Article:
Similarly the village of Nusa was reborn after the tsunami tore through the place. The Capital Appeal helped to develop a long-term plan after the initial rebuilding was complete. It included agricultural programmes to support fisheries, livestock, forestry and crop production as well as micro- finance to help survivors connect with services to start or improve their own businesses.
A bakery has proved to be the most successful of these new businesses – started with money from the Capital Appeal.
Meanwhile, the women of Mirik Lamereudup village have been so successful they won awards for their co-operative organic agriculture business – but only because they got vegetable seeds, farming tools and training from Mercy Corps.
So ten years on, what now for Mercy Corps in Indonesia? Mark says: “We have been involved in Indonesia for decades and now much of the work we do today is what we were there for originally, helping the poorest in what is a very unequal society. Things are much better, but there is much still to do. While the government’s International Development department is now planning to end its aid programme for Indonesia in Match, we will be carrying on our work.”
Capital family’s tragedy
WHEN the tsunami hit the coast of Thailand, 6200 miles away in Edinburgh the shock was also being felt.
Simon Stephenson, visiting his mum Mary for Christmas, was woken by a phone ringing. He’d spoken to his architect brother Dominic the day before, hearing about the delights of Koh Phi Phi island, where he was holidaying with his girlfriend Eileen Lee, a 24-year-old events organiser. They’d flown out just days after getting the keys to their first flat in the Capital.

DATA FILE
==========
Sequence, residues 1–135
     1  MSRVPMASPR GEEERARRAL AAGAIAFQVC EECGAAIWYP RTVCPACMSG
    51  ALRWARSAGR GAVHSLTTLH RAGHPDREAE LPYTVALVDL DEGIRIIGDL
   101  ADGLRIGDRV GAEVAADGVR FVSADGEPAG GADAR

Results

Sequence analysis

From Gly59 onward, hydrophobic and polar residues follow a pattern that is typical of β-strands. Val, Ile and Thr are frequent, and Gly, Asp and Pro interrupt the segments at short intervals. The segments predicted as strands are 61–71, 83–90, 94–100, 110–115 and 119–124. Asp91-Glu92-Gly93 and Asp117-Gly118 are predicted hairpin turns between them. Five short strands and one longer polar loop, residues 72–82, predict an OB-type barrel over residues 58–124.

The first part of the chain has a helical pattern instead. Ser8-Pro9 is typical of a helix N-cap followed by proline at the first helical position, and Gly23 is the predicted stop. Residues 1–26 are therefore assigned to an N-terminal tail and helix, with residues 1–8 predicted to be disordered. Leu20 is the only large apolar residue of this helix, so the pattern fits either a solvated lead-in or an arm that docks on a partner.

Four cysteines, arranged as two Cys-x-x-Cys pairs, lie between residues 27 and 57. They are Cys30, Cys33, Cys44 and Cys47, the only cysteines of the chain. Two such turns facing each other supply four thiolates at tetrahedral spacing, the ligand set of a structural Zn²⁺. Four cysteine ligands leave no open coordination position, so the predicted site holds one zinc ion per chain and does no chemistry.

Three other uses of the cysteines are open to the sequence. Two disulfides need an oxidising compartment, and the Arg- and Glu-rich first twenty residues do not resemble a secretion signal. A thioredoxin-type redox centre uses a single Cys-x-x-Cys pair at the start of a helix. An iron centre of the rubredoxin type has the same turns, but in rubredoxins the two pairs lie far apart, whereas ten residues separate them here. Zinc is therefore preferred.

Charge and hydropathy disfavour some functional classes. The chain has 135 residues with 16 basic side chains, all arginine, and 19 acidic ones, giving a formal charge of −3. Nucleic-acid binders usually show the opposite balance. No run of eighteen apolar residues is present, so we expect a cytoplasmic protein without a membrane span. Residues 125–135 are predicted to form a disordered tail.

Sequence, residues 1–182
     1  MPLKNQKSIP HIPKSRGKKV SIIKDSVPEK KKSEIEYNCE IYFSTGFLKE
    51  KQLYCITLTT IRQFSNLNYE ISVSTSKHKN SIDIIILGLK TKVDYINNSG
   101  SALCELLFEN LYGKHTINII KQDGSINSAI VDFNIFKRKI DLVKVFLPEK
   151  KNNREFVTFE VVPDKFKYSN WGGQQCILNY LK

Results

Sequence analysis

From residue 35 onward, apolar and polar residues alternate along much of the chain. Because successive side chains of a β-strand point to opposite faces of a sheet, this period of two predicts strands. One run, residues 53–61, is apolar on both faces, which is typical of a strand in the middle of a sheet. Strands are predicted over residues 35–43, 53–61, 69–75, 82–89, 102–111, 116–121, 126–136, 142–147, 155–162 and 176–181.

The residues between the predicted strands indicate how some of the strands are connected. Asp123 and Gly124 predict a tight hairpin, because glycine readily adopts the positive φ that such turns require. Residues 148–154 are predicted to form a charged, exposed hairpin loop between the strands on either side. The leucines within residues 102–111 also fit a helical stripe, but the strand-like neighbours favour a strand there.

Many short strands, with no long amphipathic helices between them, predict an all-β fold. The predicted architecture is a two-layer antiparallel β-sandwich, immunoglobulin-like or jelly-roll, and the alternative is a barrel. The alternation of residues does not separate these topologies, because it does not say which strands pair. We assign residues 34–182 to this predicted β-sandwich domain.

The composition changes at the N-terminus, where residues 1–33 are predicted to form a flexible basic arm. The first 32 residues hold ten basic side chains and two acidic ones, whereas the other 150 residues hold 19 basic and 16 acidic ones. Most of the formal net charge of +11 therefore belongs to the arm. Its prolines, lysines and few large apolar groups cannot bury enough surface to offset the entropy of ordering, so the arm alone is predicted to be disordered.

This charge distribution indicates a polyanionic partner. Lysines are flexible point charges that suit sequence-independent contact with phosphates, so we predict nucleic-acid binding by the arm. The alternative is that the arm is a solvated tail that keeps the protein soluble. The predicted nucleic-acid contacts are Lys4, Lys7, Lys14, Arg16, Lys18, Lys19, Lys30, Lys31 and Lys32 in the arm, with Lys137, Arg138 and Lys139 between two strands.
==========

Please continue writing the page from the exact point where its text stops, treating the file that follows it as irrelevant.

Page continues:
This time though on the other end of the line was Dominic’s flatmate calling to ask if the Stephensons had heard from him.
It was only then that Simon, a doctor turned screenwriter, switched on the TV to discover what had happened. In that moment his life changed forever.
Years later he wrote Let Not The Waves of the Sea, a memoir to his brother as well as the story of how he went to Thailand to see the aftermath of the disaster for himself and helped to build a memorial garden.
He and his family are commemorating the tenth anniversary of 27-year-old Dominic’s death privately, but in his book he writes of how his uncle flew to Thailand to try and find his nephew’s body – though it would take three months before Dominic was officially identified.
It was a further five months before Eileen’s body was identified and brought home.
He writes how a week after Dominic is brought back to Edinburgh, he touches the coffin on what would have been his 28th birthday. “The feeling was like nothing I had ever known… I now realised that I was forever consigned to wander alone and without a heart in a dark and freezing world.”
Tale of the tsunami
• Earthquake hit at 00:58:53 on December 26, 2004
• It is the fourth largest earthquake recorded
• Tsunami waves reached 100ft in height
• The energy released by the 9.2 magnitude quake was equivalent to 26 megatons of TNT exploding
• 230,000 people perished in 15 countries. 170,000 deaths were in Indonesia.
• A massive £622,679 was raised to help by Evening News readers. It helped pay for a five-year programme of work to help the Aceh people
• Around 813,000 people were helped directly, a further 1,156,000 benefited indirectly
• Small loans and credit to start and expand businesses were given to 12,655 people and more than 600 infrastructure projects have been completed